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Traditionally, the motto of the CyanogenMod team was to keep things simple. They wanted to build a better stock version of Android, which remained true to the Android Open Source Project but added important features that were felt to be lacking. There has been some debate around how the project decides which features are merged with the code, as they try to avoid adding too many features and making the stock build clumsy and bloated. As such, it is a bit odd that they have decided to integrate better calculator functionality into the builds, because the same functionality is easily available through the installation of a Play Store app.

This isn’t to say that I don’t think the enhanced calculator will be useful; on the contrary, I’ve always found Android’s stock calculator to be lacking. I’ll probably use the new calculator quite a bit, and be glad for the extra functionality. Still, the potential philosophy change is a bit interesting to examine. As I mentioned, the calculator functionality can easily be added through an app, which makes me wonder why the team decided to include the code in their builds. It could mean nothing, or it could mean that the project is ever so slightly changing its goals, perhaps without even realizing it.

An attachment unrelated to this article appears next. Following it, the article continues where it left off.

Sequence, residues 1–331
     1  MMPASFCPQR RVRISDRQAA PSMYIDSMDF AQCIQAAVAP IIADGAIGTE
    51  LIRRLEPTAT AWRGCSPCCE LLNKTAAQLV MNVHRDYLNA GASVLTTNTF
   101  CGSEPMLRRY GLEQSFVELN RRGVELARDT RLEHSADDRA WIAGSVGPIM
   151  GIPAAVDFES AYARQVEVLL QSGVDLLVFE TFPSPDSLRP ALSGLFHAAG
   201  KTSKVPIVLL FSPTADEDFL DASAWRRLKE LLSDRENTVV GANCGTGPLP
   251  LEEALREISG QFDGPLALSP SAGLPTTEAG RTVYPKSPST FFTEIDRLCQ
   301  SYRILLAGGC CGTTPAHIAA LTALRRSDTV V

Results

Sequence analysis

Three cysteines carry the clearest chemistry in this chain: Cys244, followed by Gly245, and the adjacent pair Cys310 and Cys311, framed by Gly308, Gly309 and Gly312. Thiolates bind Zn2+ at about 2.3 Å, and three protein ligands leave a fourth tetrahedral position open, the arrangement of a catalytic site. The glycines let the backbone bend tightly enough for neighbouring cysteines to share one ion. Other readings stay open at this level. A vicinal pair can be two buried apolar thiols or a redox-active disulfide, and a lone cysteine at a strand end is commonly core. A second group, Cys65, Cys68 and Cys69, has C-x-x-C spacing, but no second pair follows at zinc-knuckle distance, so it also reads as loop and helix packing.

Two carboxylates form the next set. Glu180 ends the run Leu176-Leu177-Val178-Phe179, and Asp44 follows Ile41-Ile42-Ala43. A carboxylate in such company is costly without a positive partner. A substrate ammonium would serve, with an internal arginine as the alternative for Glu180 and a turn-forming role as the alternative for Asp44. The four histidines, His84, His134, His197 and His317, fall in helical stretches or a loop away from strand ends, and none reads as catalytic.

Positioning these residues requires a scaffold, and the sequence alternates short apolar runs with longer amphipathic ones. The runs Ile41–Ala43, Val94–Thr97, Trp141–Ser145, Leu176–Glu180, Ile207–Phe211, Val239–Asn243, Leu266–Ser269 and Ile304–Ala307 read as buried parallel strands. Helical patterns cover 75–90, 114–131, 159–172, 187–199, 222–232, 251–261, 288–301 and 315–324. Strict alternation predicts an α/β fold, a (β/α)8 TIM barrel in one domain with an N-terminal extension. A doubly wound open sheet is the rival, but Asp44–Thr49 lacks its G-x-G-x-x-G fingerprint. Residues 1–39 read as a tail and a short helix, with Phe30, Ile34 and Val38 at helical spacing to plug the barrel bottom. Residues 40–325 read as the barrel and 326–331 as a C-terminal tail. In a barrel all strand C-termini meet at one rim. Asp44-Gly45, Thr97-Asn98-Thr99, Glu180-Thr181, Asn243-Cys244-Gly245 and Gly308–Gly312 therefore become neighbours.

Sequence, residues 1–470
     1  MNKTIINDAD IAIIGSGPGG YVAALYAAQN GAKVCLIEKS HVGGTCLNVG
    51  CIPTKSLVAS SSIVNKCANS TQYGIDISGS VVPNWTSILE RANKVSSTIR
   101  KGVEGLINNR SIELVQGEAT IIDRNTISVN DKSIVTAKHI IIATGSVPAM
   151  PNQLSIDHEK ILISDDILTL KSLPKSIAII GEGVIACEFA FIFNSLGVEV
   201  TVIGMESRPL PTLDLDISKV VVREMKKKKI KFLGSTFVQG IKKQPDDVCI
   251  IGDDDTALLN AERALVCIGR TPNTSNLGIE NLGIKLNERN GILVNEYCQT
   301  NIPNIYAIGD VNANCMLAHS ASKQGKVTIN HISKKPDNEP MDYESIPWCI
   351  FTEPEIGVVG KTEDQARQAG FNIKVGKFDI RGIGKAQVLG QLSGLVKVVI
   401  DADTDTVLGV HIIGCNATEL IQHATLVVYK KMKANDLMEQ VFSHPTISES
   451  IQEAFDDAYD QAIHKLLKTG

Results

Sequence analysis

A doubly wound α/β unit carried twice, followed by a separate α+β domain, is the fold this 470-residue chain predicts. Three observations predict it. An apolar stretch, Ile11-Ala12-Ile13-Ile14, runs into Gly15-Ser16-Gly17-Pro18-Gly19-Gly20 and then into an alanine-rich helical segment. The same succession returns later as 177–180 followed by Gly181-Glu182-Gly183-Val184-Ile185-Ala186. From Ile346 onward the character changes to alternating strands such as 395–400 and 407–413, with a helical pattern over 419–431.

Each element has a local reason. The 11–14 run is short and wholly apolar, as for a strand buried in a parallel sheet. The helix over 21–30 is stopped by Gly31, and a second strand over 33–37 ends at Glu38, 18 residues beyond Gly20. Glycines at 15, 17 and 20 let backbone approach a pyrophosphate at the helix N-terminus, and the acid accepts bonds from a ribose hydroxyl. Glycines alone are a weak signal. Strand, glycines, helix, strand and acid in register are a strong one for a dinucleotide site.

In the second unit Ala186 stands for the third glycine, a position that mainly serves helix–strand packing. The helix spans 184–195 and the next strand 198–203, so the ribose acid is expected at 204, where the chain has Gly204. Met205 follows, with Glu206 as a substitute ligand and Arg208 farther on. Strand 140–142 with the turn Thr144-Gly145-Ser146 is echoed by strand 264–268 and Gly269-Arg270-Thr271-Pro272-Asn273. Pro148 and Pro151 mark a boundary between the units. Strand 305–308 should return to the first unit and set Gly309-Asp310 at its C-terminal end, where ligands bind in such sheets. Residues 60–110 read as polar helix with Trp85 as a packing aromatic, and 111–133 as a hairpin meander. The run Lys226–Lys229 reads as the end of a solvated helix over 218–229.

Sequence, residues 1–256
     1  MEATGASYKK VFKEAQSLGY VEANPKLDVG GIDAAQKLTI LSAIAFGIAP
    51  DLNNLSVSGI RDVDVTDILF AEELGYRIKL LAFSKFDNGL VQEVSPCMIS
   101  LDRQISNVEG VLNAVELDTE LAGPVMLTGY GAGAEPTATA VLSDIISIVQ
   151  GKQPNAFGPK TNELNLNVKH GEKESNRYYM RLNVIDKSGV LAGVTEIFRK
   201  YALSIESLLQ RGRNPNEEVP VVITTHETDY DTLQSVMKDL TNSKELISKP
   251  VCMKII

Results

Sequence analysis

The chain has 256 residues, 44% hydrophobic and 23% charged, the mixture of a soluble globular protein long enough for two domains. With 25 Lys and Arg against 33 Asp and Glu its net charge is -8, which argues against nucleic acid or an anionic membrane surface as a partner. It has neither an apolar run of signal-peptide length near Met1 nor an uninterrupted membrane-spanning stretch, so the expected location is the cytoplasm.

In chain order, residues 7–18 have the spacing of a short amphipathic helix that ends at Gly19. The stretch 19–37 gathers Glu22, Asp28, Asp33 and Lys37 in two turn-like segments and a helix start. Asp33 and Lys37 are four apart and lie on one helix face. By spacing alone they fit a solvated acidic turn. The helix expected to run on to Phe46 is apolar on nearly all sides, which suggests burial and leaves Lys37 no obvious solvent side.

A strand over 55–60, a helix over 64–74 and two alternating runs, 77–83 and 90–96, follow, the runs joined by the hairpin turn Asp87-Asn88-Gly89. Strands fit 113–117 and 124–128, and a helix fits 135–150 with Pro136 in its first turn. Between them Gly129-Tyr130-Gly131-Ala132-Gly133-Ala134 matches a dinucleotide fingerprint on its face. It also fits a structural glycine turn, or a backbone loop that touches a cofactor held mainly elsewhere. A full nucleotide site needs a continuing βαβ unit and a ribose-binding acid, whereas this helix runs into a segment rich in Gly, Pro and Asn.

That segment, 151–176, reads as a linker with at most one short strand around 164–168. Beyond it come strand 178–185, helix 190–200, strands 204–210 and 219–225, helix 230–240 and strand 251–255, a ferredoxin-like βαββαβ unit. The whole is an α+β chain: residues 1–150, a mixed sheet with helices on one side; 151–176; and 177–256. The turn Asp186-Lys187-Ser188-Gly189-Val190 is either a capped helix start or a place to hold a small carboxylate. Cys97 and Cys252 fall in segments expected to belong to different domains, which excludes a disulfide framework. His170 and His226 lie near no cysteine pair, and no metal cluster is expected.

I certainly don’t mean to say this is a bad thing, as the CyanogenMod project is quite awesome and I will likely continue to use their ROMs for quite a while. I also don’t have anything against this calculator app or developer, and in fact think that the addition is great and will be helpful to many users. In fact, I initially planned to write this article just to talk about how bad the stock calculator app was, and how great it was that CyanogenMod decided to replace it. While that sentiment is still valid, as I thought about it I realized that adding a feature like this is something just a little different for the team, and I’m interested to see what (if any) change may be coming in the future.

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